gardeners have always welcomed admiration for their horticultural
success and only too happy to let someone have a cutting, spare plant
or a bit of a plant that has layered itself. In my earlier
apprenticeship days propagation in all its forms was a major part of
our training and we gathered a lot of plants for our garden as our
wee cuttings grew into bigger plants. Our older experienced
journeymen would always bring us some cuttings to test our skills.
Today it is now us older gardeners that help others with cuttings,
spare plants and wee bits with a few roots showing.
Garden plants have had a great boost to growth this year with very favourable weather, at least so far. Although propagation goes on all year round there are many plants we can grow from summer cuttings as growth matures but is still active.
White Nancy is a silver coloured attractive ground hugging plant with
shoots that root easily as they hug the soil. Take some of these
shoots with a few roots and pot up as they quickly establish as young
plants. Houttuynia is also propagated by lifting young shoots with
roots on. Border phlox is also propagated from ground hugging
branches that root into the soil as they spread.
Lamium White Nancy
Bearded iris have now finished flowering and any clumps three years old will benefit from digging up, splitting the crowns and replanting into fresh soil. The border pinks may still be flowering, but come easily from cuttings of non flowering shoots about three to four inches long and potted up with potting compost with added grit for extra drainage,
dwarf evergreen azaleas, rhododendrons and camellias can be
propagated both by layering as well as cuttings, but for success you
will need to use ericaceous compost with added grit, sand, or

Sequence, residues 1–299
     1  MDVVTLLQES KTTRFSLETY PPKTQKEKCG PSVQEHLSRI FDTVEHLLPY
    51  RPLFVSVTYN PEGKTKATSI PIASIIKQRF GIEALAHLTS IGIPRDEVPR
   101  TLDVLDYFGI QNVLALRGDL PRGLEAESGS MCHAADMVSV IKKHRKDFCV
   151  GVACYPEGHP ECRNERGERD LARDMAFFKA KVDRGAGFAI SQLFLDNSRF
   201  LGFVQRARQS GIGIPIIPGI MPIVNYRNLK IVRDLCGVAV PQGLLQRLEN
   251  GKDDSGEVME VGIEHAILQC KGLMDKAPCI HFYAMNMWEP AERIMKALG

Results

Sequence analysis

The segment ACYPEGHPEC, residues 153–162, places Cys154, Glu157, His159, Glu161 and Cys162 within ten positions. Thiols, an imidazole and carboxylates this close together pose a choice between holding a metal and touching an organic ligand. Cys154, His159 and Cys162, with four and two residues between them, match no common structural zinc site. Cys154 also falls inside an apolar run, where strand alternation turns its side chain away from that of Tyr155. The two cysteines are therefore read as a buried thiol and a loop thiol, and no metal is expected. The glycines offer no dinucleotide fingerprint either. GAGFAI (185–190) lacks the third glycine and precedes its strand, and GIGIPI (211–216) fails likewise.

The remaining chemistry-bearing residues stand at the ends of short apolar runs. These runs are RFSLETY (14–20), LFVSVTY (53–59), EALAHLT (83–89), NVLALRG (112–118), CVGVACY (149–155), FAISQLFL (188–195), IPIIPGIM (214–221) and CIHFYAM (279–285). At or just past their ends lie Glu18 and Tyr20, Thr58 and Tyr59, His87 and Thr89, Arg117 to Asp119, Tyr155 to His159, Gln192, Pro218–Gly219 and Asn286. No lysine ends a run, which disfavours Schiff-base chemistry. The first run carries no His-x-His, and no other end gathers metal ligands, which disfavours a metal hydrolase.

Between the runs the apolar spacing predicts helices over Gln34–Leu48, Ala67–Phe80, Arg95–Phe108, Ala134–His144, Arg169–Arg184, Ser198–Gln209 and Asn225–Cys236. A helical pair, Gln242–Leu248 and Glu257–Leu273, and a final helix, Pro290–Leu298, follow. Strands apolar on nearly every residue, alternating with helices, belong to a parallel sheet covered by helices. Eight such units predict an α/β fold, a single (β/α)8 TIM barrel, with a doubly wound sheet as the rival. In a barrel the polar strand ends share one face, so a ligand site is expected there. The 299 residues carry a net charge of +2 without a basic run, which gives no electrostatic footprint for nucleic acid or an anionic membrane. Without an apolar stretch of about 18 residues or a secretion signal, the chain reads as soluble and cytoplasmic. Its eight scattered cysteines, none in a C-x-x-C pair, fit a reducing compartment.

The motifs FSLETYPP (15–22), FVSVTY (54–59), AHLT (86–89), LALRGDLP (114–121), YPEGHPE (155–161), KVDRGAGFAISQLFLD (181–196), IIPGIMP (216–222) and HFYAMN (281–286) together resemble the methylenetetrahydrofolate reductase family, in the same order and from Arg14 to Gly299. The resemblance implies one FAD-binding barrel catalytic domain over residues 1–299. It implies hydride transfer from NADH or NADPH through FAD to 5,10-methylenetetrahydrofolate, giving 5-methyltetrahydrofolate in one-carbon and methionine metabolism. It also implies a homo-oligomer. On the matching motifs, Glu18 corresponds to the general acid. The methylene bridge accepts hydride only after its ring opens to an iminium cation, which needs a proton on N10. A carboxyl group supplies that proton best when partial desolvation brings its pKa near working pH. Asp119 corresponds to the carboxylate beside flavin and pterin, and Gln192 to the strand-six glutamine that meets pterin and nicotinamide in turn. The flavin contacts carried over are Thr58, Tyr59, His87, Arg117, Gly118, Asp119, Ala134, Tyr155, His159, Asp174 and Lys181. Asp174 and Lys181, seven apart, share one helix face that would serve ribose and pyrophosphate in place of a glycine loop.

perlite. Take cuttings from shoots that still look like they have not
finished growing. Size again about three to four inches long. Remove
most of the leaves except a couple near the top and if these are
large cut half of the leaf off. Water in well and keep in a sheltered
light place away from direct sunlight. Most of these cuttings will
root better with the help of some hormone rooting powder.
Hydrangea Charme cuttings
The dwarf japanese azaleas can also be layered. Take a low shoot near the ground and scrape a wee bit of bark off then lower it into the soil while still attached to the parent plant. You will need a peg to keep it in the ground and cover it with soil. It may be at least six months before it is rooted sufficiently to be cut off and either potted up or transplanted to another spot to grow on.
will come from cuttings two to three inches long placed in ericaceous
compost with added grit, but keep them away from direct sunlight.
Remove growth from the bottom one or two inches and take the tip out
to encourage it to branch once it roots.
Pink cuttings now rooted
Other plants that root well from mid to late summer as semi ripe cuttings include, Lavender, Cistus, Rosemary, Fuchsia, Senecio, Hydrangea, Euonymus, Lonicera Baggesons Gold and many others.
My two favourite very colourful succulents, the ice plant, Delosperma cooperi and D. nubigenum are easily propagated from short shoots a couple of inches long put direct into the soil. They always root and grow very quickly, but like very well drained soil in a sunny position. Perfect at the top of a south facing wall where they can hang down happily and soon burst into flower.
|Strawberry runners just planted|
Wee jobs to do this week
Summer strawberries have now finished cropping. Only the perpetual and autumn varieties such as Flamenco continue to fruit. Take this chance to cut off all the old leaves, remove weeds and straw which can all go on the compost heap. The crowns will soon grow fresh young leaves to take the plants through the winter. Once they have made two or three years cropping they should be removed and a new patch planted up from runners. Some varieties produce very few runners after three cropping seasons so take runners from them after two years or buy in fresh plants for autumn planting. Runners are normally spaced a foot apart, but if there is plenty available then plant at six inches apart to give a bigger crop in the first summer.